Strains of the fungus Talaromyces flavus were obtained from strawberry (Fragaria spp.) crowns for the purpose of checking for their inhibitory effect on anthracnose caused by Glomerella cingulata and Colletotrichum acutatum in the nursery [11]. Strong suppression of the disease in pretreated plants with the suspension of the strains was noted for all 13 strains used, with the strain SAY-Y-94-01 showing the highest inhibitory effect, equivalent to the well-known fungicide propineb [11]. Furthermore, six fractions of an extract of the species Clitoria ternatea (butterfly pea) were evaluated for bioactivity against species of the genus Helicoverpa, showing a preventive activity in oviposition, feeding, and direct toxicity to Helicoverpa spp. [12]. A commercial product (Sero-X) with the fractions of Clitoria ternatea has been developed that is active on Helicoverpa spp. and sucking pests, and is at the stage of commercialization. The efficacy of new biological substances for the control of Fusarium root rot disease of gladiolus hybrids has been tested, with corm-applied products of the fungus Trichoderma harzianum being among the most effective treatments against Fusarium root rot [13]. In addition, twenty-one Bacillus isolates were screened for insecticidal effects on alder leaf beetle (Agelastica alni) larvae and adults [14]. Bacillus thuringiensis var. tenebrionis strain Xd3 (Btt-Xd3) showed the greatest effect, while for high sporulation of the strain Xd3 and production of a toxin protein, suitable conditions (e.g., medium, temperature, and pH) were determined. The alkaloid compound oxymatrine controlled Spodoptera litura, Helicoverpa armigera, and Aphis gossypii effectively, and was found to be safe to predators, i.e., Coccinella spp. and parasites, i.e., Trichogramma spp. indicating that the alkaloid could be safe for non-target organisms [15]. Moreover, fermentation products of the bacterium Lactobacillus casei strain LPT-111 under the name Tivano, a new organic acid-based biopesticide, were found to maintain suppression of angular leaf spot, caused by Xanthomonas fragariae, for the duration of the trial [16]. Stilbenes isolated from grapevine extracts did not show any significant antifeedant effect or acute toxicity, but they caused chronic mortality to the larvae population of an important pest, S. littoralis [17]. Olive mill waste contains compounds that could be used for pest control in the Mediterranean area, but more research in the field is required to assess effects on specific pest problems under diverse cropping systems and their potential use in organic systems [18].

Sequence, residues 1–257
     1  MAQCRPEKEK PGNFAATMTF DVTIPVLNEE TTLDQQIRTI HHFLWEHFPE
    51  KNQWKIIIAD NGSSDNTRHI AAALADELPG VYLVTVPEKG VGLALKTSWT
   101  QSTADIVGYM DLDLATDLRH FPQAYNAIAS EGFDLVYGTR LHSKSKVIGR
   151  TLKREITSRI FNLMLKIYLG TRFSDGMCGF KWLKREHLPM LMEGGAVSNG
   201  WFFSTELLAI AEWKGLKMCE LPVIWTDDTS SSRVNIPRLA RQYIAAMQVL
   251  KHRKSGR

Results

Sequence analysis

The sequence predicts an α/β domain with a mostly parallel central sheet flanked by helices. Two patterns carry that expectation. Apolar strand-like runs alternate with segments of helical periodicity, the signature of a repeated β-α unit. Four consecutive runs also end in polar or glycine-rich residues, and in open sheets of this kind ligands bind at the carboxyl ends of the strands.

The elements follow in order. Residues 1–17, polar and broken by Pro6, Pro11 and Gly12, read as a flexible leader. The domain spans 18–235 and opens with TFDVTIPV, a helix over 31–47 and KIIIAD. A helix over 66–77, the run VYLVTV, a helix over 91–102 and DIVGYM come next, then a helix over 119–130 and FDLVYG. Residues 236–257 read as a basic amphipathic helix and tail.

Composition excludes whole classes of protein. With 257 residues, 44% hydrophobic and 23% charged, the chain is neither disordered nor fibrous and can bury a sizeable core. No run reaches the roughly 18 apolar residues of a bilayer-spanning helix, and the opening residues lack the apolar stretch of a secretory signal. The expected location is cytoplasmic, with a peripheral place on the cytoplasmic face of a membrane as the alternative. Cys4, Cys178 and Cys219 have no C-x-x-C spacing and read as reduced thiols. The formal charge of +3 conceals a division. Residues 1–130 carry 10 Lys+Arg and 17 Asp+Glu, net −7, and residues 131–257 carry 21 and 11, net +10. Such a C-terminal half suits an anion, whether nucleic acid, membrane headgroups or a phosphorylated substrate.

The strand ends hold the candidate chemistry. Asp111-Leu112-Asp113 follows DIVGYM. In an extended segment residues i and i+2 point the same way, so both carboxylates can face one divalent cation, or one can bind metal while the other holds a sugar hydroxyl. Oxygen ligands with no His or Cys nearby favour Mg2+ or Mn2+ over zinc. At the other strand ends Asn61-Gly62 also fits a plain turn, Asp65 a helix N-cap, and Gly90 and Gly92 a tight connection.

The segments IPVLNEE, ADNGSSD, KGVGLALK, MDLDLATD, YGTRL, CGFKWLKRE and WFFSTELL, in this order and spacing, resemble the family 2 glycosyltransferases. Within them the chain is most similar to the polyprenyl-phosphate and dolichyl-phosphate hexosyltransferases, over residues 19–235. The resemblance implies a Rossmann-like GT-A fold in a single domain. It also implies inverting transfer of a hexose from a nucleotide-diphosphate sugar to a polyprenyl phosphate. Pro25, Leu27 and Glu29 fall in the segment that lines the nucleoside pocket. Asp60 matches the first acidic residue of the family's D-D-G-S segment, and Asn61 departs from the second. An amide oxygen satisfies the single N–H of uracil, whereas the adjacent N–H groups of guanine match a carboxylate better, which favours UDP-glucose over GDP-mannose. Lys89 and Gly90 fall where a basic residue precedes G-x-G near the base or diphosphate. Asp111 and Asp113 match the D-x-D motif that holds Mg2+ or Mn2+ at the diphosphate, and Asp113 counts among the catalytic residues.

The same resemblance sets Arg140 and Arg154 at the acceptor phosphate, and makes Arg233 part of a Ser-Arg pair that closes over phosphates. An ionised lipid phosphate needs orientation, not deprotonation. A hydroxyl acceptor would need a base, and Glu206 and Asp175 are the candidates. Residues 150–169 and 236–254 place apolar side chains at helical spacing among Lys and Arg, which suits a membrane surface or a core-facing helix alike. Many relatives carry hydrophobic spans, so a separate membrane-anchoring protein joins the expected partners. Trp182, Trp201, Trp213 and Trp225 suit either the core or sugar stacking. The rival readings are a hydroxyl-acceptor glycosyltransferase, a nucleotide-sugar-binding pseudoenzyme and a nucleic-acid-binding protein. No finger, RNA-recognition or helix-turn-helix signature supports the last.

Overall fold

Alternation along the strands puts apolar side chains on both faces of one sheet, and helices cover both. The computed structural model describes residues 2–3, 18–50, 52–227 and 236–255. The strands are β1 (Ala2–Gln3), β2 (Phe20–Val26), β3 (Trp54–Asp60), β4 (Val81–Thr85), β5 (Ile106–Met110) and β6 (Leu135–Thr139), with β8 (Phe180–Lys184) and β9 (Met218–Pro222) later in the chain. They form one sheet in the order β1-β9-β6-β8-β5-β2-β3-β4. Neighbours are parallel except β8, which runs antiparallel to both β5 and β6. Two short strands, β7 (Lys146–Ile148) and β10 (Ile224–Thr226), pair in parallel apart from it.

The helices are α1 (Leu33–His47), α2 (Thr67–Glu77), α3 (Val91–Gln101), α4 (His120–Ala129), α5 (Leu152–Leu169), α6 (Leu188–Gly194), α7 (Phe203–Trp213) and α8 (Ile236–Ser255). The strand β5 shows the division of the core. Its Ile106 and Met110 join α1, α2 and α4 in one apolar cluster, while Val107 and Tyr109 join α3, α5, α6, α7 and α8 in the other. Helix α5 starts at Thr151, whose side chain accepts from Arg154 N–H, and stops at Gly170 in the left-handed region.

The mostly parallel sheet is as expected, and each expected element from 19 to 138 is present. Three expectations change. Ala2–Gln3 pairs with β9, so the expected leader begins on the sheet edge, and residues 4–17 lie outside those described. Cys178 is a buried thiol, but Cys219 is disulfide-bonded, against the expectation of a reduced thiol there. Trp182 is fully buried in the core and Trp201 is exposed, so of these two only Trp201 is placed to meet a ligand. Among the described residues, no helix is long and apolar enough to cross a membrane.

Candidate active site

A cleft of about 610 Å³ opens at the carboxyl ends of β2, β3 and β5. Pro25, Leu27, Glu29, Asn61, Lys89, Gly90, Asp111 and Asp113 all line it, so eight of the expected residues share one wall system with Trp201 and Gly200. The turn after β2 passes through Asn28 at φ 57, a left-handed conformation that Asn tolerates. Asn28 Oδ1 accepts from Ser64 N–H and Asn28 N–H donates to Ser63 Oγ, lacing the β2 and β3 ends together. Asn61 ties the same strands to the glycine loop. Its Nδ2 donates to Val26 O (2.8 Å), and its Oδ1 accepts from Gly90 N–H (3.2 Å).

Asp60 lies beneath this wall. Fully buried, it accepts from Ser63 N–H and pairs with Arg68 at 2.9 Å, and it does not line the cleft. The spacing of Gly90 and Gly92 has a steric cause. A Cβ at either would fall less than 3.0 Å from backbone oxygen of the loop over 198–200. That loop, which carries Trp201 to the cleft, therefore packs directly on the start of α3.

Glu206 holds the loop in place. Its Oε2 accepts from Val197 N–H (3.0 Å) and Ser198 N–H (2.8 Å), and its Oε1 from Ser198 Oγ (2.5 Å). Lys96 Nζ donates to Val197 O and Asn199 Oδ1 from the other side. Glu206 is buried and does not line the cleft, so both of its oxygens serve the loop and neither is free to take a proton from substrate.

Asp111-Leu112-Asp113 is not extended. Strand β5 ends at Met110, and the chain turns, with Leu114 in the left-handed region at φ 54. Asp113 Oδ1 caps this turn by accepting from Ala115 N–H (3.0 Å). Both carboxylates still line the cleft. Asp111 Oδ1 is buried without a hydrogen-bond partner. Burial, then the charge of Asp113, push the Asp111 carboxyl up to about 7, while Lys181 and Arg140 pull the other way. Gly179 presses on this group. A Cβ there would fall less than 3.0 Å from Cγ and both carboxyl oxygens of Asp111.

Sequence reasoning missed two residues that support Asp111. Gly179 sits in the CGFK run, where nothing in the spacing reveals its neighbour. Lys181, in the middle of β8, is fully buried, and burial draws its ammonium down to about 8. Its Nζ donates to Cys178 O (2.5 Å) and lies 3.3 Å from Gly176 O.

4. Nanotechnology

Several studies have reported an enhancement in the efficacy of certain biological substances on pests, a decrease in toxicity towards humans and the environment, and a reduction of losses due to physical degradation (e.g., volatilization and leaching) with the encapsulation of these substances in nanoparticulate systems [19,20,21]. Thus, nanotechnology could contribute to the development of less toxic biopesticides with favorable safety profiles and increased stability of the active agents, enhanced activity on target pests, and increased adoption by the end-users [22,23,24]. Research has shown that the use of nanoparticles is effective in protecting neem (Azadirachta indica) oil from rapid degradation, allowing a prolonged effect on target pests. Because the polymers used in this kind of formulation are biodegradable, continuous delivery of the active agent with low environmental harm is achieved. Future research must target ways of circumventing the risk factors associated with nanoparticle usage, because currently comprehensive knowledge of risk assessment factors and further toxicity of nanoparticles towards agroecosystem components after their release into the environment is lacking [25]. Overall, nanobiotechnology seems promising in the direction of formulations that can be used to improve the stability and effectiveness of natural products [26,27]. Such formulations can provide controlled release of the molecules at the site of action, can minimize potential toxic effects on non-target organisms, and can prevent degradation of the active agent by microorganisms [27,28,29]. While there is certainly industrial activity aimed in this direction, the technology is still far from proven, with major questions persisting around release rates, storage stability, and cost effectiveness.